While consumer fireworks are illegal in some places in the US, most states permit the sale and use of what are considered Safe and Sane items. Whether one supports the use or ban of consumer fireworks, it is important to practice and share firework safety guidelines at private or public events.

The American Academy of Ophthalmology recommends critical practices and procedures for firework use.

Fireworks safety tips

The Academy advises that the best way to avoid a potentially blinding fireworks injury is by attending a professional public firework show rather than purchasing fireworks for home use.

For those who attend professional fireworks displays and/or live in communities surrounding the shows:

  • Respect safety barriers at fireworks shows and view fireworks from at least 500 feet away.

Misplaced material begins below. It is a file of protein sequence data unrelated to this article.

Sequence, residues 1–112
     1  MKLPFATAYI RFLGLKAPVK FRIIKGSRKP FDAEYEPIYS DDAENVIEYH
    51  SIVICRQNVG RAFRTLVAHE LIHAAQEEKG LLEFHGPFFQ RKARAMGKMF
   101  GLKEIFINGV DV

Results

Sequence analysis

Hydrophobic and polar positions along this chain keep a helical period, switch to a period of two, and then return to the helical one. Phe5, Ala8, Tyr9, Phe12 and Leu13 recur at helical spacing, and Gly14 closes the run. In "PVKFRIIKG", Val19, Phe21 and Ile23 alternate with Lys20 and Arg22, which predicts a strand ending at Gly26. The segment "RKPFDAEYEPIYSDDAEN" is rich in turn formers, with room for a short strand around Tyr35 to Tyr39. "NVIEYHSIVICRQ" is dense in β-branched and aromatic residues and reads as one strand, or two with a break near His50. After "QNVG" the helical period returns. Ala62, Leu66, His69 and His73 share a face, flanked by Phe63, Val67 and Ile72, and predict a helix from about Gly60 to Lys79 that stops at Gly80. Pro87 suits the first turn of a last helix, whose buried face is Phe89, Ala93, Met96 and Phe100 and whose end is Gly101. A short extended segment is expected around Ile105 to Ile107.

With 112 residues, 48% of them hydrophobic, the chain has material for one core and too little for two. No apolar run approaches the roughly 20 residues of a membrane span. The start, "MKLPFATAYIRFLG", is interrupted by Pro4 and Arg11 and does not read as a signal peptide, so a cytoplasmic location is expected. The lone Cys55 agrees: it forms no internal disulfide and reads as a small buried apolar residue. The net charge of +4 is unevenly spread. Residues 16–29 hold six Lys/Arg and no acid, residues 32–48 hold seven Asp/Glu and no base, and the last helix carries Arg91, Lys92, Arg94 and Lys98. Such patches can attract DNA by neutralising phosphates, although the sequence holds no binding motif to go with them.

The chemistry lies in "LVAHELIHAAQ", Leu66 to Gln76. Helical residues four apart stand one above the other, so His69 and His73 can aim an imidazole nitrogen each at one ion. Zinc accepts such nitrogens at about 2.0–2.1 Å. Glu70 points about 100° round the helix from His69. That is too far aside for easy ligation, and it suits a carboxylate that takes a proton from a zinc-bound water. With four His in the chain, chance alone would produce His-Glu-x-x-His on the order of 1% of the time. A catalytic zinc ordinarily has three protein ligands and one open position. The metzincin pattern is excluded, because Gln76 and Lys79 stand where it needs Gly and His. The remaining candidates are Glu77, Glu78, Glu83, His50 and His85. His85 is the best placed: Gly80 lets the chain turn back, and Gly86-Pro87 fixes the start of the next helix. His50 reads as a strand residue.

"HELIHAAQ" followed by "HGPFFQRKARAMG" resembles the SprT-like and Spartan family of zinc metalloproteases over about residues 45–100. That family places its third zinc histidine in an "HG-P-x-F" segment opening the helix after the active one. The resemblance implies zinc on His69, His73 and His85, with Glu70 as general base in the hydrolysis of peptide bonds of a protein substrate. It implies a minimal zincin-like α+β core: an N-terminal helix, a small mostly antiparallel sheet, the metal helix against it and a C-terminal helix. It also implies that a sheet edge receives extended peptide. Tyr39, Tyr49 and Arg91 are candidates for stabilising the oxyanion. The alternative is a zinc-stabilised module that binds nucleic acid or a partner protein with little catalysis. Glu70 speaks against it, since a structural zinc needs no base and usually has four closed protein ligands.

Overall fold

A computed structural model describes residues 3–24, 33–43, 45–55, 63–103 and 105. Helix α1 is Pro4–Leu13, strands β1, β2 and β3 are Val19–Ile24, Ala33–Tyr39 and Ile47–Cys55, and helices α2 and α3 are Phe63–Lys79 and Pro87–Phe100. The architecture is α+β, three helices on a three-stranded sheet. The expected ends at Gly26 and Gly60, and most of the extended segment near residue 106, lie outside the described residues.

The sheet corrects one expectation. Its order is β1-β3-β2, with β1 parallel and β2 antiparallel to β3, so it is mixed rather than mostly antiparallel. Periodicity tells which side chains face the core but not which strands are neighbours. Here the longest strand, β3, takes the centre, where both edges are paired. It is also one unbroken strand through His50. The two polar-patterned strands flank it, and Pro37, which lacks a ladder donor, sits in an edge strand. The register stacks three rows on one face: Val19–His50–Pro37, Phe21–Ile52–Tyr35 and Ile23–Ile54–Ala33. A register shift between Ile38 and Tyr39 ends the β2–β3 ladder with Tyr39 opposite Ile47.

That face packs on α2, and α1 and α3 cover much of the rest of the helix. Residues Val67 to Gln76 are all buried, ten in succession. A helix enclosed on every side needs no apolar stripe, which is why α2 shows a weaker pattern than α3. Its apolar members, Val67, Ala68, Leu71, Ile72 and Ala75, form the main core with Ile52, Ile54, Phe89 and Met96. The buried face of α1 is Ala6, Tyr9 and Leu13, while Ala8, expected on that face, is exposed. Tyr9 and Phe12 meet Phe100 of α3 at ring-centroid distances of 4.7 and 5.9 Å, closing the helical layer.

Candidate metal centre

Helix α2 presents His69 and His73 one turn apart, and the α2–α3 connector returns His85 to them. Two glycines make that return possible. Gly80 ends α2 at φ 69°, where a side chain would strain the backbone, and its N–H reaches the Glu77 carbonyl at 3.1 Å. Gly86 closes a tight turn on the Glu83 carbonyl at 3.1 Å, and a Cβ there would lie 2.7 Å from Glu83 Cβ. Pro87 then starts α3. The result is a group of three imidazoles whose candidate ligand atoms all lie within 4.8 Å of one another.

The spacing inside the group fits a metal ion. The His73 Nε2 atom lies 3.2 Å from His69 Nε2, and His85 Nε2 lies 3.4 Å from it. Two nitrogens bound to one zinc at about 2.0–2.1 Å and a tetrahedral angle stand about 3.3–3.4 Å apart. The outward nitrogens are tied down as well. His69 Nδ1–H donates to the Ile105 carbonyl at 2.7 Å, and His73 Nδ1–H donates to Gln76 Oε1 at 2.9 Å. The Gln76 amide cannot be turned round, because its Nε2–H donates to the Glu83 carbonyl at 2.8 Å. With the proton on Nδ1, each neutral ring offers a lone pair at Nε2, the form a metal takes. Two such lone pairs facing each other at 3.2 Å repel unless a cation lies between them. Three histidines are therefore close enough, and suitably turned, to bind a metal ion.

• Do not touch unexploded fireworks; instead, immediately contact local fire or police departments to help.

For those who decide to purchase consumer fireworks because they live in states where they are legal, the Academy recommends the following safety tips to prevent eye injuries:

  • Never let young children play with fireworks of any type, even sparklers.
  • People who handle fireworks should always wear protective eyewear that meets the parameters set by the American National Standards Institute and ensure that all bystanders are also wearing eye protection.
  • Leave the lighting of professional-grade fireworks to trained pyrotechnicians.

What to do in the event of a fireworks eye injury
If an eye injury from fireworks occurs, remember:

  • Seek medical attention immediately.
  • Do not rub your eyes.
  • Do not rinse your eyes.
  • Do not apply pressure.
  • Do not remove any objects that are stuck in the eye.
  • Do not apply ointments or take any blood-thinning pain medications such as aspirin or ibuprofen.

https://www.aao.org/eye-health/tips-prevention/injuries-fireworks-eye-safety
https://everharteyes.com/july.html
https://www.friendsforsight.org/resources/eye-health-awareness/item/12-firework-safety-month-july